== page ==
Fall-Discount
Mar 25, 2011

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Make Your Own Mini Whiteboards!

One of the most common questions I get from readers involves the class whiteboard sets I featured during my Wayne Thiebaud lesson.  People are interested in where I got them, how much they cost, what I use them for, and if I like them.  I thought it was time to share with you all not only info about my white boards, but how you can make your own on the cheap!

If you want something more heavy duty, You can purchase class sets of whiteboards from catalogs like Dick Blick or Sax.  They come in sets of 12, and run around 20 dollars for a set, I believe. I could not find them online, however, I know they are in the large catalogs.  Not too bad of a deal for something you can use over and over, year to year and can get many uses out of them. For example….

Art Room Mini Whiteboard Ideas:

  • Drawing Shapes and Lines
  • Vocab Word Review
  • Quick Assessment Drawing
  • Practice Drawing (see above)
  • “Sketching” out ideas before you start a project
  • Make a list of project steps
  • “Free Art Cupboard”
  • Webs and Mind Maps
  • Games like pictionary at your seat
  • Holding up True/False or Warm/Cool for art review games

Maybe you aren’t into spending money for whiteboards or you are out of budget money for the year. (I know I am!) So here is a quick and easy Do It Yourself version to get yourself a class set of whiteboards in a jiffy. It’s so simple, you’ll laugh at my directions.

Make Your Own Mini Whiteboards

  1. Get white paper or card stock cut to the size you want
  2. Send them off to be laminated (I have found stores like Staples or local professional print shops have a thicker lamination then what is offered at my school. It might be wise to look into that for a thicker more quality product.
  3. Cut and trim to your desiring
  4. Bam! You have your own set of whiteboards for a fraction of the cost.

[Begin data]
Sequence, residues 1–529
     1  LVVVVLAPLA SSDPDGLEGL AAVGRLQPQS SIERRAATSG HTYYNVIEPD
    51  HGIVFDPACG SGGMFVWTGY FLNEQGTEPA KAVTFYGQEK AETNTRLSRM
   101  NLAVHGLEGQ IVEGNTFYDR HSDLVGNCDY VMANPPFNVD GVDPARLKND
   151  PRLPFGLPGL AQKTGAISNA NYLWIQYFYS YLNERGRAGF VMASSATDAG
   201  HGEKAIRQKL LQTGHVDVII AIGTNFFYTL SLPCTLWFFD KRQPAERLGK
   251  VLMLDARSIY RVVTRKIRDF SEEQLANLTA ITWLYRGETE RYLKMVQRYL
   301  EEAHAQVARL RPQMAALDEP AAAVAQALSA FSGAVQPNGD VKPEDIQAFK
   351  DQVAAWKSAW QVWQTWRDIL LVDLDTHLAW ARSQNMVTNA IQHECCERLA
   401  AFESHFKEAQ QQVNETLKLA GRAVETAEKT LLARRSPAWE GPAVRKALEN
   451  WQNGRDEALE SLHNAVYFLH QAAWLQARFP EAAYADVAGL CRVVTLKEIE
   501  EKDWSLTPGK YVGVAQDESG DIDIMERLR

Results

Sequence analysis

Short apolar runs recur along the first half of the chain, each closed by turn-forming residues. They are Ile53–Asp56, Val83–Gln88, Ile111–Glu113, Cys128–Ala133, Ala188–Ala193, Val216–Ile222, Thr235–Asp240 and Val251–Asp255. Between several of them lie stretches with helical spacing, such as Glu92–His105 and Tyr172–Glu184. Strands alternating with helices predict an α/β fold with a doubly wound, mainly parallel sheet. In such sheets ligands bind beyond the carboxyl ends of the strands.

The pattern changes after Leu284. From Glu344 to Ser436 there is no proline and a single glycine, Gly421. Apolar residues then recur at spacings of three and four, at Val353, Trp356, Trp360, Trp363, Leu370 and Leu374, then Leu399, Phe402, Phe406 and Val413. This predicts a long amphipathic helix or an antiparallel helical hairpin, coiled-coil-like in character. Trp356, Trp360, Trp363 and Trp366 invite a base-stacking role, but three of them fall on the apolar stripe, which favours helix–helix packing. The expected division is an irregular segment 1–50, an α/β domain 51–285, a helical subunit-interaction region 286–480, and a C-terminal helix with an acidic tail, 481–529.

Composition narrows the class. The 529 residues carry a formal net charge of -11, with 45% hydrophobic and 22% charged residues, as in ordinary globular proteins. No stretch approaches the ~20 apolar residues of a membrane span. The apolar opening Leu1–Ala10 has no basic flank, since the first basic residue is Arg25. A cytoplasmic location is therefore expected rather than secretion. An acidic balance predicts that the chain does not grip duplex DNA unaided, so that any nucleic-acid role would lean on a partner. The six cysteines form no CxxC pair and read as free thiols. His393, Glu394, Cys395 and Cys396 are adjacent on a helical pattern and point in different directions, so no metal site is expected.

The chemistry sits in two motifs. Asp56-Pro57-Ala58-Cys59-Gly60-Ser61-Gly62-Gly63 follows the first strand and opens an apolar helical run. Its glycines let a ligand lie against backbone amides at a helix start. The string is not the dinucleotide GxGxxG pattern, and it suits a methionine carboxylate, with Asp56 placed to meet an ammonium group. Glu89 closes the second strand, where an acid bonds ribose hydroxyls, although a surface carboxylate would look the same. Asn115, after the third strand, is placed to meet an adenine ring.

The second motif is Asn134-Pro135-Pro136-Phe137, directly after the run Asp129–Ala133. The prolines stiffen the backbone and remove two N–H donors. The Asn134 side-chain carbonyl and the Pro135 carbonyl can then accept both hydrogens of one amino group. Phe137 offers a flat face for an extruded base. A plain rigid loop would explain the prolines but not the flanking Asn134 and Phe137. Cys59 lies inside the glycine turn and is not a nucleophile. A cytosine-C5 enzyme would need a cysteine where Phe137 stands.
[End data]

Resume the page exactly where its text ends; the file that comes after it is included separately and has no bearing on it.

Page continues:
I told you it was easy!  Why wait?

If you made even smaller white boards or cut larger ones down, students could use them to make their own flashcards or memory game.  What a fun way to review concepts in the art room. Next, you just get yourself a set of whiteboard markers or whiteboard crayons.

To Erase- I have students use a Kleenex (high tech). One of my colleagues also brought in mismatched socks and uses them as “sock erasers”.. and it’s free, people, all free! You could cut up soft rags, too. It’s endless.

How else could you see yourself using a class set of dry erase boards with your students? Do share!

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  • carlisleartclass@gmail.com

    Another cheap alternative is going to the local lumber yard and purchasing a 4′x8′ sheet of laminated masonite (like they use in bathrooms)and have them cut. Mine are cut into 12″ squares and I use them for everything from drawing to transporting drying clay.

    • http://theartofeducation.wordpress.com Jessica Balsley

      Great Suggestion! Thanks for sharing your tips

    • http://mastwayartprogram.shutterfly.com/ Deb Hastings

      On a similar note, I found a cheaper version of masonite board at Lowe’s and had that cut up to support student artwork on the drying rack. I find that if we are doing smaller projects they sometime fall through the wire racks. Really wet projects sometimes dry with a funny contour to the surface. When they are on boards it goes smoother, even when the kids are putting their work on the rack it is easier. The board (called MDS board) is also 4×8 feet, and you can get 20 out of one sheet.

  • http://deesplaceonline.blogspot.com/ Dee

    I am a music teacher and I printed out a staff on white paper and put this, along with a small dry-erase marker and tissue, into page protectors! Voila! Students need to actively write music, too. And now they can without spending a fortune!